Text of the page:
Social media coverage reflects popularity. But popularity doesn’t equal greatness. It would be hard to prove, but I would be willing to bet every penny in my bank account that Beckham’s move to LA Galaxy received more worldwide press coverage than Zidan’s to Real Madrid, or any other move of that generation. It’s not a reflection on their footballing ability, but their celebrity.

I’ve no problem with Dave saying Ronaldo is the most entertaining footballer ever, or the most popular. But the GOAT debate is about performance on the pitch. Social media has nothing to do with it.
Mike, LFC, London


Arsenal are in a horror movie
Arsenal right now are like a scene from a bad horror movie.

The Norwich win was like the bit right before the end of the film where you think the bad guy’s dead – only for him to return to kill the remaining teenager who has thus far survived his clutches.

Arsenal fans should be breathing a sigh of relief, and we would be, if that win had been more convincing.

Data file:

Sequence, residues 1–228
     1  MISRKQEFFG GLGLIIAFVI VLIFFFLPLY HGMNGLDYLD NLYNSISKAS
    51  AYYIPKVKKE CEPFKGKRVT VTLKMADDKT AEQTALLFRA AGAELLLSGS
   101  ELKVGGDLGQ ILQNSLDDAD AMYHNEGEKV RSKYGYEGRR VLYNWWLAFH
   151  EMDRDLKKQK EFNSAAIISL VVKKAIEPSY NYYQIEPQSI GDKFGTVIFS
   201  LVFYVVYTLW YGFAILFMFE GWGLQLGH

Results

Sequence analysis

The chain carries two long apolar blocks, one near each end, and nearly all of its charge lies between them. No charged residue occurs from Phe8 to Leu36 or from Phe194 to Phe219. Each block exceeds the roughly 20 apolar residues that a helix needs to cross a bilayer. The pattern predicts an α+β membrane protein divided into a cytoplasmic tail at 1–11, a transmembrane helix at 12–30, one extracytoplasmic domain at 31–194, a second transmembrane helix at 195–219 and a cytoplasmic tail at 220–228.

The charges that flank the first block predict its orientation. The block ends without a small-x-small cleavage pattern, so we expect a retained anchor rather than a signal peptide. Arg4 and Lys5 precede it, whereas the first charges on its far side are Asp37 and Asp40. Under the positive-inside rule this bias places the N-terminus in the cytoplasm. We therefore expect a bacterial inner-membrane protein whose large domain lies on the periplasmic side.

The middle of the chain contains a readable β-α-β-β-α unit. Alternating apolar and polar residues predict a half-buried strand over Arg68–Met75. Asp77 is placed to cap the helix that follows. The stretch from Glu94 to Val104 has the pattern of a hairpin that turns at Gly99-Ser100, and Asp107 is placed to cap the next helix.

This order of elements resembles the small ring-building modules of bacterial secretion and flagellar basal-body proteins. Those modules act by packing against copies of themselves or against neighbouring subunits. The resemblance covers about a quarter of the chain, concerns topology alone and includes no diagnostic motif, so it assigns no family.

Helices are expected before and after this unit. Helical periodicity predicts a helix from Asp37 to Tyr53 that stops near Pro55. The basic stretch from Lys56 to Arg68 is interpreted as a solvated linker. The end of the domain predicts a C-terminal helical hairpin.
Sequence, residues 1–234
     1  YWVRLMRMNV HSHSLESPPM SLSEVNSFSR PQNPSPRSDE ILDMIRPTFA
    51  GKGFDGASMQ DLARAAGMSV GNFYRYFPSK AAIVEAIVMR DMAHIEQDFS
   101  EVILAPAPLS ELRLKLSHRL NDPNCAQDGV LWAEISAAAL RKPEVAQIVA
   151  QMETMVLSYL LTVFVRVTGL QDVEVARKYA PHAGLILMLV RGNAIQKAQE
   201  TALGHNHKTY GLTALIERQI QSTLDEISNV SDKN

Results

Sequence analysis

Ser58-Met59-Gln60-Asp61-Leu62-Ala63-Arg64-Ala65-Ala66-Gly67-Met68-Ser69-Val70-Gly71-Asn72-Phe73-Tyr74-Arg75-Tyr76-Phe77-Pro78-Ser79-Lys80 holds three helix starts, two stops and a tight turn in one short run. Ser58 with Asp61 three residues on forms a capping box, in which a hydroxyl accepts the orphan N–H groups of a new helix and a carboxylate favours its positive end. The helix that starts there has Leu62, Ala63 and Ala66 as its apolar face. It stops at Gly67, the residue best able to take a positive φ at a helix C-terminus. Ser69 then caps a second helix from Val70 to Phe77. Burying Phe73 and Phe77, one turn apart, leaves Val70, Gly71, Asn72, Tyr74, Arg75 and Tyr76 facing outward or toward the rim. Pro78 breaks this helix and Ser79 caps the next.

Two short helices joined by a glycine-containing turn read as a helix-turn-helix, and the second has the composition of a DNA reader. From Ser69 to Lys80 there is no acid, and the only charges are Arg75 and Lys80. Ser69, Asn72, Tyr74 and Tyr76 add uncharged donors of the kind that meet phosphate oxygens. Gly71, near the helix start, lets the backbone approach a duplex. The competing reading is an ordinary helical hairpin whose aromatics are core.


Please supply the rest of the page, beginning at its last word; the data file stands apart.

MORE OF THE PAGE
A goal in the first five minutes, a second on the half hour before Charlie Patino (remember the name) is subbed on to complete a 3-0 win.

But what we got was the sort of win relegation fodder gets against other relegation fodder.

The manager refuses to play Laca – even though he’s an Arsenal player until at least January – and there’s no end product from Saka. I love the guy as much as anyone but if you’re going to play a front three – then you need all three contributing something.

We used to despatch Burnley easily but Arteta seems incapable of doing so. I want to believe we’ve turned a corner but all I can see is Nuno schooling Arteta and the club desperately getting on the phone to anyone stupid enough to take the job.

I’m sure other fans take entertainment from AFTV etc and Arsenal’s demise but these days I just don’t feel anything – the underperformance of a once great club is just boring now and it’s filtering through to the fanbase.

Cheering a City goal? Singing we’re staying up? It’s not gallows humour – it’s an acceptance of how just how rotten we are.
Graham Simons, Gooner, Norf London